Canada needs more university, college and trades grads
In order to compete in the new global knowledge economy, we have to equip all Canadians to achieve their potential and contribute to a prosperous Canada.
There is strong demand for university grads.
According to a recent CIBC report, most jobs in high demand in Canada require a university degree. For example: managers in health, education, social and community services; human resources and business service professionals; and supervisors in manufacturing and processing.
CIBC World Markets, The Haves and Have Nots of Canada’s Labour Market (December 3, 2012)
University grads have in-demand skills.
Today’s employers are seeking employees with global awareness, critical thinking skills, problem-solving abilities and strong communication and interpersonal skills. These are all skills developed and honed through a university education.
Harris interactive employment survey, July 2012
Grads have close connection between studies and career.
University graduates are typically employed in an area connected to their studies soon after graduation. For example, in Ontario two years after graduation (in 2011), 93 percent of university graduates were working and 82 percent of those working full-time considered their work closely or somewhat closely related to their university education.
Council of Ontario Universities, Employment Outcomes of 2009 Graduates of Ontario University Undergraduate Programs, November 2012
University grads adapt to job market changes.
Many of the most in-demand occupations today did not exist 10 or 20 years ago. University education equips young Canadians with skills to adapt to changing labour market needs.
Canadian Chamber of Commerce report on cross-country consultations, Canada’s Skills Crisis: What We Heard, 2012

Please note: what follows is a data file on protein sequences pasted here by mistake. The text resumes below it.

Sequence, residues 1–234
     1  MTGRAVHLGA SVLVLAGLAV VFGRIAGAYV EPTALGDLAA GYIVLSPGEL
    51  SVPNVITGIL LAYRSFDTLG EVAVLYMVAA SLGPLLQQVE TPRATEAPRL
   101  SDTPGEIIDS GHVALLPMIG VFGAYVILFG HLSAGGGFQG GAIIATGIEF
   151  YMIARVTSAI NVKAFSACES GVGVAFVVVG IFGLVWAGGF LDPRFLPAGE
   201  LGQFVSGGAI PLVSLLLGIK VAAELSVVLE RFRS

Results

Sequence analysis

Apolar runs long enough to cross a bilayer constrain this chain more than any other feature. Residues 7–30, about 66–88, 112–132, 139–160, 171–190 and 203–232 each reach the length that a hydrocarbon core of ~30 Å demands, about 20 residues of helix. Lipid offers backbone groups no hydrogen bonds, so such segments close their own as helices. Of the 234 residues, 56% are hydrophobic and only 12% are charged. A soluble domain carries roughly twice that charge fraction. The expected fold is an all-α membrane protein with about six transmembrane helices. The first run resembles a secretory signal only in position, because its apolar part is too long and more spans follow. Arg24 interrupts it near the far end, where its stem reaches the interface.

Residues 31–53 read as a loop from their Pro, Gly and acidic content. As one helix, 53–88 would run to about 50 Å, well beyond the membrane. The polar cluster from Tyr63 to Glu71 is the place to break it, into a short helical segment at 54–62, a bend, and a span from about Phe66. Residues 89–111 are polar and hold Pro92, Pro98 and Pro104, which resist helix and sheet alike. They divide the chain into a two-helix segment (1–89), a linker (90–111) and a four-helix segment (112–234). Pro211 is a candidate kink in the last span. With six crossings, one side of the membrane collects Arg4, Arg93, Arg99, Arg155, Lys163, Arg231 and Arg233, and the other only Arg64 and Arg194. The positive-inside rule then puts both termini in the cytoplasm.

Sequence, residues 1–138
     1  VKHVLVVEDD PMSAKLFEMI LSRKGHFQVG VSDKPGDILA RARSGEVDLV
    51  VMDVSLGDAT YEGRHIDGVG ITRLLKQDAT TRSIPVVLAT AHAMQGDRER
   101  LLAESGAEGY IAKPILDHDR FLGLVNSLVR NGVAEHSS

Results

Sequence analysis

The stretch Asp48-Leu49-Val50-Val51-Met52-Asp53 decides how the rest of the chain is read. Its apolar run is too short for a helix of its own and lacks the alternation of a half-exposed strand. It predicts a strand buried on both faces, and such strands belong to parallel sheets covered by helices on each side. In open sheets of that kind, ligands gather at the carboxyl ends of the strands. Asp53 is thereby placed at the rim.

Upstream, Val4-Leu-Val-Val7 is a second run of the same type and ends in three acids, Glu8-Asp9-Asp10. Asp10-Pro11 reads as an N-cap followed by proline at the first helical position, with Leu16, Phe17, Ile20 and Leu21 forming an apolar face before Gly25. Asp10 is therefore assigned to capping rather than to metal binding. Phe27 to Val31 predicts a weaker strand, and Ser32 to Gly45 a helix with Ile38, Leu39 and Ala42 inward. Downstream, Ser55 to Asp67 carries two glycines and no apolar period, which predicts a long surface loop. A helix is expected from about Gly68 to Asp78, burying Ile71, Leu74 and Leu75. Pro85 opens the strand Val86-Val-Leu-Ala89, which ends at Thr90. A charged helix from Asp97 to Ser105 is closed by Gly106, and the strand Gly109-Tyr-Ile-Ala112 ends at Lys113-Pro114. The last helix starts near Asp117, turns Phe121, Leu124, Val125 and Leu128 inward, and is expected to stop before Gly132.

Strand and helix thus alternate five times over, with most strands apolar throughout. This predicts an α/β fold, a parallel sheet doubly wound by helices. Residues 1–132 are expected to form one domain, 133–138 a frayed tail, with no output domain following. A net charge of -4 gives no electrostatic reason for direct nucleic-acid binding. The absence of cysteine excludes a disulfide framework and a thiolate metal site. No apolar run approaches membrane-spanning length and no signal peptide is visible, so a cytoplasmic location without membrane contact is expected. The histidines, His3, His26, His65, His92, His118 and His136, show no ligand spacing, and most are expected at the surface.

Opportunities are strongest for university grads.
The demand for university graduates is strong across Canada. For example, even in resource-rich Alberta, more than 40 percent of new jobs since 2000 have been for university graduates, 26 percent for college graduates and 10 percent for skilled tradespeople.
Statistics Canada, Labour Force Survey
Job growth for university graduates continues in a tough economy.
Strong job growth for university grads continues, even during difficult times. Between July 2008 and July 2012, 700,000 net new jobs were created for university graduates, compared to 320,000 net new jobs for college and trades graduates, while a total of 640,000 jobs were lost for high school grads.
Statistics Canada, Labour Force Survey
Canada has room to grow.
According to the OECD, Canada ranks first in the world in college attainment, while only 15th for university degree attainment.
OECD, Education at a Glance 2012
Job projections are favourable for university grads.
According to Human Resources and Skills Development Canada’s estimates, 70 percent of new jobs in the coming decade will require postsecondary education. Between 2011 and 2020, AUCC estimates there will be 2.1 million jobs created for university graduates.
University students get hands-on career preparation.
Universities are increasing the programs and services they offer to help graduates transition to careers. Half of all Canadian university students across all disciplines now complete at least one co-op experience, practicum, internship or field placement by the time they graduate.
Canadian University Survey Consortium, 2012 Survey of Graduating Undergraduate Students
We must narrow the Indigenous education gap.
There are more than 560,000 Indigenous people under the age of 25 across Canada. Only eight percent of Indigenous people aged 25 to 64 in Canada have a university degree. Comparatively, 23 percent of non-Indigenous peoples of the same age group have a university degree. Tremendous opportunities exist – for Indigenous people in Canada and for the country – if we increase access to university education for Aboriginals of all ages.
Statistics Canada, 2006 Census of Population
Tagged: Co-ops and internships